The Bloomberg-JPMorgan Asia Dollar Index fell to a six- month low after the U.S. central bank reduced its monthly bond- buying program yesterday by another $10 billion to $55 billion.
The purchases could end in the second half of this year and borrowing costs may be increased around six months later, said Fed Chair Janet Yellen. China’s yuan sank to a one-year low after the nation’s central bank weakened the currency’s reference rate by 0.18 percent, matching a March 10 cut that was the biggest since July 2012.
“Yellen’s comment seem more hawkish than expected,” said Samson Tu, a Taipei-based fund manager at Uni-President Assets Management Corp. “It may take one or two days for the message to be digested before emerging-market currencies can stabilize, and Asian currencies are facing the additional pressure of the weakening yuan.”
The most consistent trends in the currency markets develop when the strongest currencies are paired against the weakest. Over the last year, the slow recovery of expectations for the US Dollar have changed the dynamics of the currency markets particularly as previous stalwarts, the Yuan and the Yen, have moved towards being among the weakest.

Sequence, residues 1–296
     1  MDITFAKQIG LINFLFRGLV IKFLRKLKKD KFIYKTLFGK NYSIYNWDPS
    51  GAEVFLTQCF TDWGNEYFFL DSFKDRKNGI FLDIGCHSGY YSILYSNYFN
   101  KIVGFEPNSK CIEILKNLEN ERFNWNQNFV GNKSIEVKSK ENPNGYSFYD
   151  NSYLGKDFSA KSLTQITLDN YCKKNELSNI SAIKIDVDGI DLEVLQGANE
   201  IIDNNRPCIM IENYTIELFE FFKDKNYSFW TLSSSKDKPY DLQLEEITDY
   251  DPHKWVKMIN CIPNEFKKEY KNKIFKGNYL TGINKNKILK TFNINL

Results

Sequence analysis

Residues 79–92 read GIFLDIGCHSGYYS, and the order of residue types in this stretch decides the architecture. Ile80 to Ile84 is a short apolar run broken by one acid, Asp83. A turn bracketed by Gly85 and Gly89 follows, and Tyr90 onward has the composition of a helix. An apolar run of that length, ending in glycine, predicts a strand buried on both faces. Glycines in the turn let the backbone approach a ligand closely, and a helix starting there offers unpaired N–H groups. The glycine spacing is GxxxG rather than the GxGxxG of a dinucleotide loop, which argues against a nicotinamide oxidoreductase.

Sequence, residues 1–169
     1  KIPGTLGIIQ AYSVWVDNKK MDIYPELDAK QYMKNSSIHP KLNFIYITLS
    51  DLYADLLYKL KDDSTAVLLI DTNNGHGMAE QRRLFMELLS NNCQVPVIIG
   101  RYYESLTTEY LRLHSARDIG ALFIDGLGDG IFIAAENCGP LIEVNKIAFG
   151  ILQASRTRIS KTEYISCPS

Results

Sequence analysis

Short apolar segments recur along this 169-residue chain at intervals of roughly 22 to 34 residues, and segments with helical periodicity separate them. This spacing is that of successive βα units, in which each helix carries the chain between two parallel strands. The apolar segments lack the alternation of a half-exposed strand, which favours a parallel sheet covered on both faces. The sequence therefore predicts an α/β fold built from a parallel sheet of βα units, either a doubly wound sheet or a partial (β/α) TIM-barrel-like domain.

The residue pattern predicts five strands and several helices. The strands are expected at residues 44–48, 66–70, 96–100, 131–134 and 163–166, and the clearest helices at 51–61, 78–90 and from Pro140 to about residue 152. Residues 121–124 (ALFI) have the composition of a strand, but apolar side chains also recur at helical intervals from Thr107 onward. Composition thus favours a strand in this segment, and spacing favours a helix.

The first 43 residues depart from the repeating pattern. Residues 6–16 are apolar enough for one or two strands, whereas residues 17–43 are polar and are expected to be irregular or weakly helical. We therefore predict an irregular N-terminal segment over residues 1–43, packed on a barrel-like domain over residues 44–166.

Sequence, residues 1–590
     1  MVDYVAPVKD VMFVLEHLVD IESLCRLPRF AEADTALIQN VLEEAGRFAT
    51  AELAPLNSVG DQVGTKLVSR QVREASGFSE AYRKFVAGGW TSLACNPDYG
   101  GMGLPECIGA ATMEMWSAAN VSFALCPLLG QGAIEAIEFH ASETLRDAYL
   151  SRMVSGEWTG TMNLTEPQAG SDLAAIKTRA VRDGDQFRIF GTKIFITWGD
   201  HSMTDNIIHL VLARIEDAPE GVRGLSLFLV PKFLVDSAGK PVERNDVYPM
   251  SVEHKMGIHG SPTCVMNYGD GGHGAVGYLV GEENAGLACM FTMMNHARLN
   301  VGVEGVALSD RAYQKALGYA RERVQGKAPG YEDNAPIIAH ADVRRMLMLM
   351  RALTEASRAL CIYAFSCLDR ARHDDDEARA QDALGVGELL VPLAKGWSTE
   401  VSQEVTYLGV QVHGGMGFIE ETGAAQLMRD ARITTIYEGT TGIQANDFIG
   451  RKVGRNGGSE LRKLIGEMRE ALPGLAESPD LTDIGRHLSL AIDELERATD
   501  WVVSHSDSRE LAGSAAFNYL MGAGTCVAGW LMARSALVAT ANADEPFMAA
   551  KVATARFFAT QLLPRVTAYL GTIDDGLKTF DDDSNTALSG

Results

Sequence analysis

This has created a difficult situation for ASEAN currencies which are now being squeezed by a renewed competitive focus by the region’s two largest economies. The Asia Dollar Index has Type-2 top formation characteristics with right hand extension, as taught at The Chart Seminar, and has fallen to test the lower side of the more than two-year range. A clear upward dynamic will be required to check potential for additional weakness.
Asian stock markets had rebounded from their early lows in conjunction with the firming of their currencies, but could now come under renewed selling pressure as the Chinese Yuan continues to weaken.Back to top